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Nashville Film Festival: Warsha

Warsha — dir. Dania Bdeir

Set in Beirut, Lebanon, Warsha follows Mohammad (Khansa), a construction worker tasked with operating one of the tallest and most dangerous cranes in the city. Isolated and far away from his fellow workers and the city below, Mohammad has a moment of freedom, tapping into his most secret desire. The climb up to the crane and the fantasy sequence were absolutely breathtaking. I enjoyed the LGBTQ angle. Highly recommended.

 

Warsha screened at the 2022 Nashville Film Festival.

Nashville Film Festival: Follow Her

Jess (Dani Barker) is a struggling actress by day and a successful streamer at night. She arranges  degrading sexual encounters with men on the internet and secretly films them for her stream.  She maintains the men’s anonymity until one day she posts a video not realizing the man’s face was exposed. Jess has an internal conflict: take down the video or capitalize on the clout it’s currently receiving. When she’s invited by screenwriter Tom (Luke Cook) to a remote cabin to  both work out the details of a new project while also secretly filming him. But the tables quickly turn as she realizes Tom is not as he seems.

Directed by Sylvia Caminer and written by Dani Barker, Follow Her is a psychological thriller that offers a stern warning about the dangers of streaming and surveillance in our digital age. It taps into the innate fears of the chronically online about sharing too much and being exposed for all to see. The first half of the movie isn’t very engaging and viewers will have to push through to the second half where the psycho-sexual elements really come into play.  You’ll also have to suspend your disbelief as there are many red flags the female protagonist misses. If you enjoy thrillers about the digital age, give this one a try.

Bonus for Mad Men fans: Mark Moses has a role as Jess’ father.

Follow Her was screened at the 2022 Nashville Film Festival.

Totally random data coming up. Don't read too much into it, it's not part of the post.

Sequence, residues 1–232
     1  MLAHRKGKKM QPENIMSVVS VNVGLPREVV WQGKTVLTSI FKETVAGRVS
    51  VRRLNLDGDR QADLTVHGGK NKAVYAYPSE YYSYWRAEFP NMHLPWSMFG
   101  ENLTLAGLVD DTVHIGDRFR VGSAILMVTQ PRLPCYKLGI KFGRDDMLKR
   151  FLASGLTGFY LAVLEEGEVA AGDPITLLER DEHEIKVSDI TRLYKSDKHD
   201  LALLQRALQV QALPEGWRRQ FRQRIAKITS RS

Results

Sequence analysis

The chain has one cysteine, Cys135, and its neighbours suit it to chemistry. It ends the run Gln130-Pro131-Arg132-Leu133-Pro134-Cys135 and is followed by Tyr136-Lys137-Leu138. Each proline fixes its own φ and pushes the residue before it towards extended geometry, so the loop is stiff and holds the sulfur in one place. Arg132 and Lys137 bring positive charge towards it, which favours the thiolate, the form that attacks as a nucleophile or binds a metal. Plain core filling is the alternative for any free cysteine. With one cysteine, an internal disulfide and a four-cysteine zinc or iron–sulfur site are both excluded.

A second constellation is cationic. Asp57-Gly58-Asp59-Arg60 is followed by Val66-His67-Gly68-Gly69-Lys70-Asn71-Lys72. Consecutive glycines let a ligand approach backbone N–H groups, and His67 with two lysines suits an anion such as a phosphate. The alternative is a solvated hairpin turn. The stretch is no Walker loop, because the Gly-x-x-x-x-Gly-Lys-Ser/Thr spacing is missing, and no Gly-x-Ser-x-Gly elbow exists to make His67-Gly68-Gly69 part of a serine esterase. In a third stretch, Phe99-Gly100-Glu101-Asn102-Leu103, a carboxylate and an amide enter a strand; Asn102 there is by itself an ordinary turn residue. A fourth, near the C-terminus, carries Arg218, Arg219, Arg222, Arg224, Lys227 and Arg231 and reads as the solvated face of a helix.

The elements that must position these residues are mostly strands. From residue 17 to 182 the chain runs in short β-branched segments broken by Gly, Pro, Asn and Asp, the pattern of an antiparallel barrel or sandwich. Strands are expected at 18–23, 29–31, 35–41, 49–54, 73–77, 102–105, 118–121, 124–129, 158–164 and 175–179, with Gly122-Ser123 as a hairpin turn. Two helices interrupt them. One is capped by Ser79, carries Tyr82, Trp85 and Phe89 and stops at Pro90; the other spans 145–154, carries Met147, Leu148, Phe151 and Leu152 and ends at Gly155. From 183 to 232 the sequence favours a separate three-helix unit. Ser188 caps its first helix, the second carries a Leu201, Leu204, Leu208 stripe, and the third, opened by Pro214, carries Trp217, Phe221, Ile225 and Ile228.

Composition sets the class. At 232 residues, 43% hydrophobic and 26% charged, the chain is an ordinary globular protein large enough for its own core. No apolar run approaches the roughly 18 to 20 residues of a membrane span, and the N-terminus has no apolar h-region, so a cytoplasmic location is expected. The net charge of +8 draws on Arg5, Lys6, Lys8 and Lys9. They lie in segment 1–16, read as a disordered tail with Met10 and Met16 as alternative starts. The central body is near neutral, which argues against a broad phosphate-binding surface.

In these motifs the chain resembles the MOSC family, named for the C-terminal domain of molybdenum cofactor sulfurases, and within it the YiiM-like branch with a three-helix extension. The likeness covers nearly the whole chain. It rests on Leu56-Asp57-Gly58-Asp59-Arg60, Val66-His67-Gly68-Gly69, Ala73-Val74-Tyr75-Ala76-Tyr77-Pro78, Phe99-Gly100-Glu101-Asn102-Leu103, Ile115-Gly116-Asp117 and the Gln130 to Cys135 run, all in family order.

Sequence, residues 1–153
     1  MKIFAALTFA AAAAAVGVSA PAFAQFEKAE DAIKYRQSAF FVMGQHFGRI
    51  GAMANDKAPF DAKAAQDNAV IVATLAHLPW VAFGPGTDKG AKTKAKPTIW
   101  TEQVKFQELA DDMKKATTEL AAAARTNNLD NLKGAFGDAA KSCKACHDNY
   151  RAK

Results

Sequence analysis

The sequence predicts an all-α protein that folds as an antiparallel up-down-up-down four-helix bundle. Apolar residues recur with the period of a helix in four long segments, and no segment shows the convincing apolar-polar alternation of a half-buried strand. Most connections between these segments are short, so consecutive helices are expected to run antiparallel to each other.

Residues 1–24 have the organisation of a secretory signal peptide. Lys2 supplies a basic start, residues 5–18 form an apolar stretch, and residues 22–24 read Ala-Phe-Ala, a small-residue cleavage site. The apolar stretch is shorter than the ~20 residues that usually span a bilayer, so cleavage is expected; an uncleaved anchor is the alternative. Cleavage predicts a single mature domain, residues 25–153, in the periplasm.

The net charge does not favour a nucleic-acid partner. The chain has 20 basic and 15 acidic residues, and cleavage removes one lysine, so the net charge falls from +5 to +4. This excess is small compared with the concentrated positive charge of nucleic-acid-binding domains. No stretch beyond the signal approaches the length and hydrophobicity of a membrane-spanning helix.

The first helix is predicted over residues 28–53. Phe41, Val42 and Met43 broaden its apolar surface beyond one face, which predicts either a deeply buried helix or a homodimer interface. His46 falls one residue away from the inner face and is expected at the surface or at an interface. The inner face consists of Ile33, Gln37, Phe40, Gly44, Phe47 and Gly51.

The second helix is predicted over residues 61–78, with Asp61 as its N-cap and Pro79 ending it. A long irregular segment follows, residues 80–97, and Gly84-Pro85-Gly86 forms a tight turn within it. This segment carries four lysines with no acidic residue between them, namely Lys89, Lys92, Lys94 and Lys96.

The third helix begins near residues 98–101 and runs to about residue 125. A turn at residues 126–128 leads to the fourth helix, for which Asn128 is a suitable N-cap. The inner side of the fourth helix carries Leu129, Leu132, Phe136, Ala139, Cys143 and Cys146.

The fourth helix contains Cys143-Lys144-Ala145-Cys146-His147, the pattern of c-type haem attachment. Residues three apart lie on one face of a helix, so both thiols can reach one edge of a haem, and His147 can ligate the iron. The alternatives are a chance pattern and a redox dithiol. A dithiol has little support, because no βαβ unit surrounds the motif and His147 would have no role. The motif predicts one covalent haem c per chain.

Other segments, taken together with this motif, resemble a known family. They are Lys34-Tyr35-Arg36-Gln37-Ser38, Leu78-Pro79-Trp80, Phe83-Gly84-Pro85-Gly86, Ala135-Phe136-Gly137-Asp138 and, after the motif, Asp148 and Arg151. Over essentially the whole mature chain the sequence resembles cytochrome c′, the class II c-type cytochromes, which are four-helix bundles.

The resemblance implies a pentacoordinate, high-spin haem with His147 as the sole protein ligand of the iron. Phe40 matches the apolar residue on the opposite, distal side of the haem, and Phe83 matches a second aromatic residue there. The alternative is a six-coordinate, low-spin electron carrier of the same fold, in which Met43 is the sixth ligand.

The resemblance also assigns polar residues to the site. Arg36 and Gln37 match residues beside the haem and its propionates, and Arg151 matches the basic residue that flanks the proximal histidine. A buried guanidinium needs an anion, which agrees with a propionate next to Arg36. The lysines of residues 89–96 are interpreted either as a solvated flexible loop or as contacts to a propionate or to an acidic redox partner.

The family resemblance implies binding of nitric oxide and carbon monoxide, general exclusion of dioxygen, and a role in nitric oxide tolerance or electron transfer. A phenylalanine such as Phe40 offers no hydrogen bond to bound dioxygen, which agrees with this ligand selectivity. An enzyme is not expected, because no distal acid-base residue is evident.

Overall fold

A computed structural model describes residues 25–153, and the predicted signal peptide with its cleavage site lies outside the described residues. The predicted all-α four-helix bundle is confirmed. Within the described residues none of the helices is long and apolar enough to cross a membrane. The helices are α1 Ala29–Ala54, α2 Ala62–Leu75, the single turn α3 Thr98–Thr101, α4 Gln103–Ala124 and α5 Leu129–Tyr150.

Nashville Film Festival: Carol & Johnny

Not all bank robbers are like the ones you see in the movies. Many are petty criminals, just average folks, who are in a financial bind and the idea of a quick payout is just too alluring to pass up. That’s what happened with Johnny Williams. After a stint in jail, he tried to make ends meet for him and his wife Carol as an independent carpet cleaner. When a 1983 car accident sidelined him, he found himself in desperate need of money. Just a few years later he began one of the “longest running strings of unsolved bank robberies in the history of the FBI.” 56 robberies from 1986 until 1994. A slip up landed him and his partner-in-crime Carol in the hoosegow. He got life and she got 20 years.

Directed by Colin Barnicle, Carol & Johnny begins shortly after Johnny Williams was released from jail in 2021. He’s integrating back into society, checking in with his parole officer and living in a halfway house. Carol has been out for years. After suffering from a medical mishap, she continues to thrive with the help of her family and is determined to tell her life story by way of the documentary and a book. 

The documentary interviews both Carol and Johnny, as well as the former FBI officer who tracked and finally caught Johnny. It shares the couple’s individual life stories as well as  Johnny’s incredible criminal career. The film depends a lot on a “will they or won’t they” element regarding a potential reunion between Carol and Johnny.  What the film does effectively is demonstrate that there are two sides to every story and that not everyone is a reliable narrator. It’s not a terribly engrossing film but a good watch for those who enjoy stories about ordinary people in extraordinary situations.